Last week I was visited by my colleague Martin Vickers who is the MP for Cleethorpes, sits with me on the panel of chairs in Westminster and is the UK trade envoy for the Albania, Bosnia and Herzegovina, Kosovo, North Macedonia, Montenegro and Serbia.

The first visit was to Mount Edgcumbe Park. I know the park well growing up in the area and having been a past joint chairman of the committee which oversees the running of the park.

This publicly owned park is a fantastic asset for the area and is a great place to visit. As the weather was far from perfect we decided to visit the house. I would like to thank our guide Brad for showing us round the house and was impressed by his knowledge of the house.

The Edgcumbe’s involvement with the land dates back to 1493 when it was part of the dower lands brought by Joan Durnford in her marriage to Peter Edgcumbe of Cotehele. In 1515 King Henry VIII issued a license to make the lands a deer park.

The ancestors of those deer can still be seen in the park today. The Edgcumbe’s built a beautiful house on the site which lasted until it was destroyed in the second world war.

The house today is still beautiful and does include some of the original building but is on a smaller scale than the original.

Fortunately some of the artefacts inside were saved as some were removed because of its closeness to Plymouth and because some were saved before the house burned.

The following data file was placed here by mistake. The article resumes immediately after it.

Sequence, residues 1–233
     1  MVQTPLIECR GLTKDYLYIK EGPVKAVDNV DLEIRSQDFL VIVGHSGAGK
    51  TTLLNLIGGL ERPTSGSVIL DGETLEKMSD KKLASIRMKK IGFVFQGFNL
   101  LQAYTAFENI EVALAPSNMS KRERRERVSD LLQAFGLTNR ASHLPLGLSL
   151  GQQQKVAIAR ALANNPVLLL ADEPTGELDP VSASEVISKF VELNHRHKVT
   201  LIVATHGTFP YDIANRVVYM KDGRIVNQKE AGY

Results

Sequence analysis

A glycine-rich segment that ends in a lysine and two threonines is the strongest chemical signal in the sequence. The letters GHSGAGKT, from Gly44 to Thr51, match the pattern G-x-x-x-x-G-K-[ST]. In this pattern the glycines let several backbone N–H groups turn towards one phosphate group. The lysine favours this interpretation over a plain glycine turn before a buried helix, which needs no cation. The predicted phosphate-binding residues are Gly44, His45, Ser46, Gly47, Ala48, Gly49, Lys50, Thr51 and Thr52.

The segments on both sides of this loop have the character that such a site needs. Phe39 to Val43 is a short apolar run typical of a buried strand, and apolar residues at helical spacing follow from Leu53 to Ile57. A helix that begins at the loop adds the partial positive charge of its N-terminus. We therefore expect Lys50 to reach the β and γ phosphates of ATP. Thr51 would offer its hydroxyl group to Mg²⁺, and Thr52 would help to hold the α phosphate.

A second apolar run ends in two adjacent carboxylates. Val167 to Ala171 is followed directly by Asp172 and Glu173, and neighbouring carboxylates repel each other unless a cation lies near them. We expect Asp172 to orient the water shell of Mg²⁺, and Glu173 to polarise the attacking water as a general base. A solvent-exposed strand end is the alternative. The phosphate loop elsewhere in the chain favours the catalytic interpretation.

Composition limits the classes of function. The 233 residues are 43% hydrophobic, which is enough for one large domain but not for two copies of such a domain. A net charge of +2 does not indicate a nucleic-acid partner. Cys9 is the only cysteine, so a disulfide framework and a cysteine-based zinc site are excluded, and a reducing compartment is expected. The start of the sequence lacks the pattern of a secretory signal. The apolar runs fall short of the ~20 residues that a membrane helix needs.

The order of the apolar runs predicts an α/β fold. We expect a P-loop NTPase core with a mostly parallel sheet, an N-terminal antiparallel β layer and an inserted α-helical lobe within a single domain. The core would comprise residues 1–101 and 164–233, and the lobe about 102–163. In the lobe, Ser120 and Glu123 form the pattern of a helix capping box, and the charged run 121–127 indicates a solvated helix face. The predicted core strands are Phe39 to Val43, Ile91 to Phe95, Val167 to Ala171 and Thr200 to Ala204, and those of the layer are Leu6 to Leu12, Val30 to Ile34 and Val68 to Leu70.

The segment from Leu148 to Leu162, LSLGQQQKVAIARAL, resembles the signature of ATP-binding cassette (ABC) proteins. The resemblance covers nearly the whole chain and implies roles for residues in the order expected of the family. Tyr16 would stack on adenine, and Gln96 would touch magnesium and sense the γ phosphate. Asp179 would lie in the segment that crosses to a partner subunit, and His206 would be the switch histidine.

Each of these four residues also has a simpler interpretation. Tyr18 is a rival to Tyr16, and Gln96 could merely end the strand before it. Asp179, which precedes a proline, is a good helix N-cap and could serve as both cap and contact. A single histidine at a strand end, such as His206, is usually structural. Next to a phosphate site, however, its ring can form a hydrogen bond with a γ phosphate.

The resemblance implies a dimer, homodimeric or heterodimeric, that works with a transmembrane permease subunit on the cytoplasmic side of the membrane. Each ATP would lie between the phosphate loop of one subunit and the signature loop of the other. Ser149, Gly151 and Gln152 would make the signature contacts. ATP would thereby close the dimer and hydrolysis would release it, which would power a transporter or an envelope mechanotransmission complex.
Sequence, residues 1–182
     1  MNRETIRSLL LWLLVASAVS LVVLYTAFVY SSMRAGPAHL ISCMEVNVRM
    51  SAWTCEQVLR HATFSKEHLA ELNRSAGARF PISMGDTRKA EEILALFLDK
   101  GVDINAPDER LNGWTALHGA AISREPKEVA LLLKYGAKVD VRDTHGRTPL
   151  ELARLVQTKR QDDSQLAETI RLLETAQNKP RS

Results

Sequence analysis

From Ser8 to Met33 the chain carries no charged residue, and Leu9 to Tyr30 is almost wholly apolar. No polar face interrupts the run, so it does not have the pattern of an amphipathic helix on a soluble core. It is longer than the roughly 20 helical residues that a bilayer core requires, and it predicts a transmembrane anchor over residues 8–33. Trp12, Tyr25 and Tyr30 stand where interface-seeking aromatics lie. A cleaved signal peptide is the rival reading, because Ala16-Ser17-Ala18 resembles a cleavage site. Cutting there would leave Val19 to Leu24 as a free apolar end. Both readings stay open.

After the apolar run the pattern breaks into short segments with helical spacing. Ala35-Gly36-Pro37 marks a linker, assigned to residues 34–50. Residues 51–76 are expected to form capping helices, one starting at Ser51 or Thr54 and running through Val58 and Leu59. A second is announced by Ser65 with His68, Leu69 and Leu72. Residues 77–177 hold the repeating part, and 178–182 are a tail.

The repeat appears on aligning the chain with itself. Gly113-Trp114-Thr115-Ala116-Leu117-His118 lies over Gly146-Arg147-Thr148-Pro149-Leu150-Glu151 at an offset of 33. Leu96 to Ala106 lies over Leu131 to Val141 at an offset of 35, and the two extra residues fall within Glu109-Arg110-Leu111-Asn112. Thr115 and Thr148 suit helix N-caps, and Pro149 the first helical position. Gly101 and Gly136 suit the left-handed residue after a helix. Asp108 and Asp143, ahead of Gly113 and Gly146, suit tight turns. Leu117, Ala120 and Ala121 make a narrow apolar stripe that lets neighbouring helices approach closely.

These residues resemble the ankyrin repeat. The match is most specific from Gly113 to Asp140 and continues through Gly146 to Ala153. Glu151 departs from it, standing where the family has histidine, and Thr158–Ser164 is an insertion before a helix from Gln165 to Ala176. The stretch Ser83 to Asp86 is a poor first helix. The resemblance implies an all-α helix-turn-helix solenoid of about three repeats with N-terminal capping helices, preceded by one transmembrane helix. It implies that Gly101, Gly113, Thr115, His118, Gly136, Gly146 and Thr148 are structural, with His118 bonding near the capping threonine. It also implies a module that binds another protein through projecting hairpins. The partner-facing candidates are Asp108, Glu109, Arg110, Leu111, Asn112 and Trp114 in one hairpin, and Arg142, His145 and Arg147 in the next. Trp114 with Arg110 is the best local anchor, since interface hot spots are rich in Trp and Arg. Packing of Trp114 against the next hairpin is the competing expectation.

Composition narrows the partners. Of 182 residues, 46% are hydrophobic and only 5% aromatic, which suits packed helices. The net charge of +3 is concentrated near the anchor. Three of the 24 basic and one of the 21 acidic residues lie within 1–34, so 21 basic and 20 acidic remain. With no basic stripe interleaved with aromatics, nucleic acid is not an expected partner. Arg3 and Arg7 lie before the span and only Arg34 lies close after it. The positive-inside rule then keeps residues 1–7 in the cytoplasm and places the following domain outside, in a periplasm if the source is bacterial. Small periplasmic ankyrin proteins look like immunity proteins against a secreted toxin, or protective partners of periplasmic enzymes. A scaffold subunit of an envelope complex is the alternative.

It is these historic pieces and the story of the Plymouth blitz which make this House a very worthwhile visit.

I was also able to tour some of the massive 865 acres of Mount Edgcumbe Park.

The views over Plymouth are spectacular from the park and a definite highlight of any visit. There always seems a lot going on at the park.

We popped into the model railway exhibition which seems to have more to see every time I go. In the past I have enjoyed the Segway ride and see they are now offering an Alpaca trekking activity. I always recommend people visit Mount Edgcumbe Park when they come to Cornwall.

Another visit was to Duloe business Cornish Orchards. We attended one of their cheese and cider tasting sessions which included a visit to the vineyard and a history of the farm.

It is incredible to see how this once small operation run by dairy farmer Andy Atkinson has grown into large employer with an excellent product people recognise right across the country.

The ciders were paired with cheese from another dairy farmer turned producer. The Cornish Cheese company based at Upton Cross now produces a range of cheeses. It started with Cornish blue which became a world gold medal winning cheese. I have visited the Cornish Cheese company on a number of occasions including taking Parliament’s Environment, Food and Rural Affairs Committee. The Stansfield’s have made a great success of this production as well. So it was fantastic to eat delicious cheese with the excellent Dry, Vintage, Heritage and fruit ciders.